People are checking in on each other (mostly by mediated means).  We’re asking “How are you?” and we mean it.  We want to know.  Are you feeling well?  How is your family?  Is there anything you need?

In the discipline of Communication, we emphasize the interdependence of people, the ways in which we live in community with others.  If anything good comes out of this time, it will be a reminder to us all that yes, we are our brothers’ keepers.  We succeed and fail together.  We must look after “the least of these.”

I miss you, my friends.

Annette

COVID chronicles: Kidney surgery in the midst of all this other excitement

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Hello friends,

On Tuesday, I had a surgical procedure to remove a large and impacted kidney stone (some things won’t wait, even in the midst of a pandemic).

I’ll tell you about the process, but you might want to stop reading now if you’re squeamish.  It’s not too graphic, but still.

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Fortunately, this surgery didn’t involve cutting me open.  The surgeon passed a tube up through my urethra to the kidney, then lazered the kidney stone into pieces and removed the pieces through the tube.  So it’s gone, but there might be some little particles / shards left over that will have to pass through – and that might be uncomfortable.

The procedure itself was painless.  I was very nervous, but it really wasn’t bad.  I remember dozing off from the anesthetic, then waking up thinking I had just drifted off.  I asked the nurse, “Is it time to go into surgery?” and she answered “It’s over!  You’re done.”  I was surprised, and there was no pain.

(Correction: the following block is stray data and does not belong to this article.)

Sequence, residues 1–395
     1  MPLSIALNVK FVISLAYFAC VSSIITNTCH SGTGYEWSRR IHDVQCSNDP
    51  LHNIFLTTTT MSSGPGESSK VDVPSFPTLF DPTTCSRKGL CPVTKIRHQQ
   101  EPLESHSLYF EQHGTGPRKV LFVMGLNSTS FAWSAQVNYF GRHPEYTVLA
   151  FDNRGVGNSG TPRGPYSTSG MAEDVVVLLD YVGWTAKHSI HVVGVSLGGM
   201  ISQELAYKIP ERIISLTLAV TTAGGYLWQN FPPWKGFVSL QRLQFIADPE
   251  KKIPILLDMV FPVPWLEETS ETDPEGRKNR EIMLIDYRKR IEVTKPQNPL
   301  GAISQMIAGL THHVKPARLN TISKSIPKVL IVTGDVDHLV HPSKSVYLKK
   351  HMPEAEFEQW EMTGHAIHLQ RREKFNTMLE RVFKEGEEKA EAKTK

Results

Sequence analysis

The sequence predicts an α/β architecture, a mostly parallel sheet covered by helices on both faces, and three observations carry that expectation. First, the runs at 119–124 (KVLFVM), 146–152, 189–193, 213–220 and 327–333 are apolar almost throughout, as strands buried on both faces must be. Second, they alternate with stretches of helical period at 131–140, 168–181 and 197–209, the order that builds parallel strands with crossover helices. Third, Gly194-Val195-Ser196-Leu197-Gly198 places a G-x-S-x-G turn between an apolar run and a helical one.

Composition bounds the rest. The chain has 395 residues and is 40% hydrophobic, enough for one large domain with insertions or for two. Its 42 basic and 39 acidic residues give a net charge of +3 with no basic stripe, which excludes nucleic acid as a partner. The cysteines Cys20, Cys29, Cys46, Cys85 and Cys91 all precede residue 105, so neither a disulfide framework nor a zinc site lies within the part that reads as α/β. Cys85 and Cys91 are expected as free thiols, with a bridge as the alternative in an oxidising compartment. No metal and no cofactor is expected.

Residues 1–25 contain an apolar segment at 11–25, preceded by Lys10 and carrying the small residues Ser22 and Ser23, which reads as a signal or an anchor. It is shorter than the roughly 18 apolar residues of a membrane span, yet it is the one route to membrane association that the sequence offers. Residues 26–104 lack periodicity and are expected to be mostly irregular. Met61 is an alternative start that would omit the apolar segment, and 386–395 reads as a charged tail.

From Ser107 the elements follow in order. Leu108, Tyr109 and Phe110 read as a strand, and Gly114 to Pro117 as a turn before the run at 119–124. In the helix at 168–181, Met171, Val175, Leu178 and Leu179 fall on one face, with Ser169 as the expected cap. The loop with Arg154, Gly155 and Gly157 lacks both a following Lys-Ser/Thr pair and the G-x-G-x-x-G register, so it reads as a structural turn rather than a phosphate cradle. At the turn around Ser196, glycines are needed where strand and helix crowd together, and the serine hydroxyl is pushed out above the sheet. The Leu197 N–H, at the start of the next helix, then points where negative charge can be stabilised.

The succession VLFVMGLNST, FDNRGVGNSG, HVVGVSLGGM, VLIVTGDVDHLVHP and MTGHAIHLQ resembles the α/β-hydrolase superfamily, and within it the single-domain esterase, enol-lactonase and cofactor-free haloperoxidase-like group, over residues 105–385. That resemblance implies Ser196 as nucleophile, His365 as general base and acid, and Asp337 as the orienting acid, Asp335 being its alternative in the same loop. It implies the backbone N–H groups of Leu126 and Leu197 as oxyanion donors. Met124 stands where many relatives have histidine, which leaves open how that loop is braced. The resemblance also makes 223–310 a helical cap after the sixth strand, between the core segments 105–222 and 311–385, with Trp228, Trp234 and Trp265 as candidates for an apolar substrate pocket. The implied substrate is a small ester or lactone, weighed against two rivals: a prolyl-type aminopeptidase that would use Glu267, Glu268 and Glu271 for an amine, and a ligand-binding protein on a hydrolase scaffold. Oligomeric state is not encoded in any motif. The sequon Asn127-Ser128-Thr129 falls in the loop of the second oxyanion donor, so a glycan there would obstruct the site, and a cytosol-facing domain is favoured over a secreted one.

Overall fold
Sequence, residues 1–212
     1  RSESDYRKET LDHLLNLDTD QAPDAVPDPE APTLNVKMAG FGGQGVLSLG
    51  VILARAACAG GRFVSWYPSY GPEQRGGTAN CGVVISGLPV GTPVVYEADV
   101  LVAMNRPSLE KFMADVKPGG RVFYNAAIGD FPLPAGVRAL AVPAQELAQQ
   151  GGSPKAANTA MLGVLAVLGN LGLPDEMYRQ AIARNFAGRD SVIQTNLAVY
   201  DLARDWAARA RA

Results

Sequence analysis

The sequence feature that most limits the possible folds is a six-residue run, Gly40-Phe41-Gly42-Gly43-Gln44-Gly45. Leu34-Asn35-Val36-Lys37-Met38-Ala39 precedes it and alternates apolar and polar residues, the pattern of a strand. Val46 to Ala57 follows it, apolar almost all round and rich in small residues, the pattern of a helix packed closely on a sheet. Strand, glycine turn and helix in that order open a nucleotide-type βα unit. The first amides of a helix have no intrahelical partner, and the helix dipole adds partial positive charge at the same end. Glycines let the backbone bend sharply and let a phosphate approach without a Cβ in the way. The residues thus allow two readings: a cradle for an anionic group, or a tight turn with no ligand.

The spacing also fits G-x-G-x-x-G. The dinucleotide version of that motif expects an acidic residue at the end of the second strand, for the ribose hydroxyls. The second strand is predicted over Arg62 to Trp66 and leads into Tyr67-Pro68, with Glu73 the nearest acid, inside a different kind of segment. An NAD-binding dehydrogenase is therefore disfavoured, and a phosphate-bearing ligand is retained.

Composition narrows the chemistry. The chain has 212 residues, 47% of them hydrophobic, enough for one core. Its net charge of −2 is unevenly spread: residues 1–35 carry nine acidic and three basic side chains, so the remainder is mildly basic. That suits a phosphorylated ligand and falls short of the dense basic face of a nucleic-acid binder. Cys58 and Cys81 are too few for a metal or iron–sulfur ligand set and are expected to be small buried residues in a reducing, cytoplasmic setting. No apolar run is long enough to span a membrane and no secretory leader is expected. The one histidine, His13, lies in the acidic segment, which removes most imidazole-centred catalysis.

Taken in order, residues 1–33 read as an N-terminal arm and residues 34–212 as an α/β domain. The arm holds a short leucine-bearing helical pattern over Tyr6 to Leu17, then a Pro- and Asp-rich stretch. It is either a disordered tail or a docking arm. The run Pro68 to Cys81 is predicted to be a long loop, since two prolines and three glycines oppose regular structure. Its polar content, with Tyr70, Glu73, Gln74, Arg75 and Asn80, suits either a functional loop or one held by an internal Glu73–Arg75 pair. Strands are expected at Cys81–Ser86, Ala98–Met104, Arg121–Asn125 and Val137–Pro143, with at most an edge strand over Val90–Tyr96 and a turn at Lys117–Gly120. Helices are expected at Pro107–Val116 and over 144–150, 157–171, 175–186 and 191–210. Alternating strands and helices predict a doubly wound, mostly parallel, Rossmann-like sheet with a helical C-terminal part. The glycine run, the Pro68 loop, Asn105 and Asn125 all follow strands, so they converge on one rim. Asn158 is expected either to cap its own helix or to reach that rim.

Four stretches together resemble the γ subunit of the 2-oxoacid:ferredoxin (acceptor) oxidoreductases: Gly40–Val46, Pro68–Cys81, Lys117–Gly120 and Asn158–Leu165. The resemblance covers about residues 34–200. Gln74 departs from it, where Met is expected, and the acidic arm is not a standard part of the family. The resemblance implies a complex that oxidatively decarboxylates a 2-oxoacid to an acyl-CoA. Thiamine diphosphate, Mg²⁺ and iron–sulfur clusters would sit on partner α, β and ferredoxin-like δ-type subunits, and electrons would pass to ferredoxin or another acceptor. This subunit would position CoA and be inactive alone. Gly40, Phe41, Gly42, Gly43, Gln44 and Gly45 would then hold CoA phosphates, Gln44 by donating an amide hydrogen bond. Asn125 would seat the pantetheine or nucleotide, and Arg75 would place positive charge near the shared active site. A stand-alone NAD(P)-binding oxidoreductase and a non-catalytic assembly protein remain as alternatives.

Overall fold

I’m recovering really well.  I haven’t had to take many pain pills – I’d call it more “discomfort” than pain.  When I “use the restroom,” there’s a little discomfort, similar to a cramp, but otherwise I’m feeling fine.

I had heard stories from people who’ve had this procedure, and have told me how terrible it was for them.  Everyone’s experience is different, but I really had no problems.  The worst part was the kidney stone (it was 9 mm!) and now it’s gone.

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Going to the hospital in this time of COVID was a bit scary, but they were extremely careful.  There were people at every entrance door, screening those who came in.  Sanitation procedures were being followed carefully.  I did not feel I was at risk at any time.

Thanks to those who sent prayers.  Please keep praying as I’m recovering.

Fondly,

Annette

COVID chronicles: This is real life, and we can still do stuff

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Hello my lovelies,

Entering week 2 of this self-isolation thing.  It’s starting to get to me a little.  I miss people.

I’ve been thinking about something I often hear my students talk about, and I’m also hearing the phrase a lot on the news nowadays: the “real world,” or “real life.”  It’s the idea that these days are just an interlude, a pause, and one day we’ll get back to routine.

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When students talk about the “real world” as though it’s something that comes later, something that’s “out there,” I like to remind them that this is life, right now.  Today is a day in your life that you’ll never get back.  There’s a lot you can do, today, to develop your mind, body, and spirit.  You, and your one precious life, are not on pause.